I wouldn't go around bouncing it off the rev limiter but I wouldn't pussy foot around it either :)
A couple of hundred miles to break in brakes or scrub tyres, now that's almost as funny as the guy on the UK forum who says he warms is bike up so the wheel bearing heats up before he goes faster.
Come on Ackers, you know that's nonsense mate, unless you're plodding around town, it takes no more than mere minutes to bed brakes in and not much longer to scrub new tyres.
 

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A couple of hundred miles to break in brakes or scrub tyres, now that's almost as funny as the guy on the UK forum who says he warms is bike up so the wheel bearing heats up before he goes faster.
Come on Ackers, you know that's nonsense mate, unless you're plodding around town, it takes no more than mere minutes to bed brakes in and not much longer to scrub new tyres.
Donsy; one Spring Fritz Egli had me bedding in brake pads....one trip down the test road lightly heating them, haul ass back up the hill and the kids would throw another set on.....then do it over again

the pads went back in the packages marked R or L

:naughty:

you bought a new bike.....the pads were already bedded :drummer:

and the tires had been scrubbed down with lacquer thinner
 

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Come on Ackers, you know that's nonsense mate, unless you're plodding around town, it takes no more than mere minutes to bed brakes in and not much longer to scrub new tyres.

I think I was implying more that it's to bed the rider in more than anything else, sure you can spend 5 mins on a quiet roundabout and scrub in a set of tyres easily, likewise the brakes but as I said what's to stop someone walking out of a test centre with their new licence or someone who's returning to bikes after 30yrs and walking straight into a showroom and riding off on a 180bhp motorbike, do you think it's wise the dealer says "yeah it's a pussy mate just like your CB125, just go round that roundabout twice to scrub the tyres then give it the beans you'll be fine"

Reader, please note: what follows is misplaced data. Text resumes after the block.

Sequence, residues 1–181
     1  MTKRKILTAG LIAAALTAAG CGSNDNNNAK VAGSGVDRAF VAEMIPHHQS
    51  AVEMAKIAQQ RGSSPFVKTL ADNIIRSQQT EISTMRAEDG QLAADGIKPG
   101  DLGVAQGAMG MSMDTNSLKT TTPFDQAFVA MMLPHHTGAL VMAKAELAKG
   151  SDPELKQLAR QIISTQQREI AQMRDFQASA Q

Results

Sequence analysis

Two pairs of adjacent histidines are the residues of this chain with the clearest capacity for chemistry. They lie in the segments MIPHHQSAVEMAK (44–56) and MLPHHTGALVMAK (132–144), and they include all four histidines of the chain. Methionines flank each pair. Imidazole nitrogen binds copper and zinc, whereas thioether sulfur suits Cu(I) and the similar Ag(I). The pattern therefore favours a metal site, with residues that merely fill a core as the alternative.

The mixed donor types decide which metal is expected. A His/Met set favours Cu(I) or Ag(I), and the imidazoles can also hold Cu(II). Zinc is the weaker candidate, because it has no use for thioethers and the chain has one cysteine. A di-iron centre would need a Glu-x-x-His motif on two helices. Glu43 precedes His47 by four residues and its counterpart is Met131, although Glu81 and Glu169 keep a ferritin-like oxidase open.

One things for sure they won't be back for its 1st service!
 

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Clearly some people just don't have the experience you have Donsy and when they walk in off the street the bike dealer doesn't know that either so it's best to air on the side of caution when giving advice?

http://youtu.be/Q9zNUPDmnz4
 

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It's not just my experience Chris, say it how it is mate.
If a dealer let's you ride out the door with tyres like that, I'll walk back and punch the prick in the face.
Either way, you don't need a couple of hundred miles to get tyres and brakes sorted.

Differentiate between mechanical and physical ability's.
 

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Things are obviously very different over here then Donsey. Dealers don't scrub your tyres in for you, they just peel the stickers off. Maybe that's why they tell you to take it easy for the first 100 miles so that they don't get irate customers coming back and punching them in the face? :laughing:
 

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Yes and about a hundred other ones... Like I said, don't rev the piss out of it but put pressure on the rings, that means open the throttle or close it. Engine breaking puts just as much pressure on the rings as opening it all the way. Just don't sit at one constant speed with your throttle locked at 50% and it'll be fine.
 

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I'm thinking of starting "What does 'scrubbing in' your tyres" mean thread.......:popcorn::smoking:
 

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Ive never listened to the dealer. And quite frankly nobody ever gets a engine that has never been turned over. Every engine from any manufacturer gets tested and dynoed before you even get to it. If snything i always try to make the engine work by putting it in a 6 th gear starting from low rpm and opening the throttle to get the revs to redline then back down again. I do this especially on inclines. As for scrubbing in tyres might take me no less than 30 mins depending where i am and what im doing. Nowhere near what some people here think. Im being generous could be even 15 mins. But i guess everyone is confident in there own skills and tyres so for me the second i have a new set on im pushing left and right on the bars and making those tyres grip all over the circumfrence of the tyres profiles doing zig zags or pretending to go between cones. Low and behd the wax is gone and the tyres rubber is nice and rough.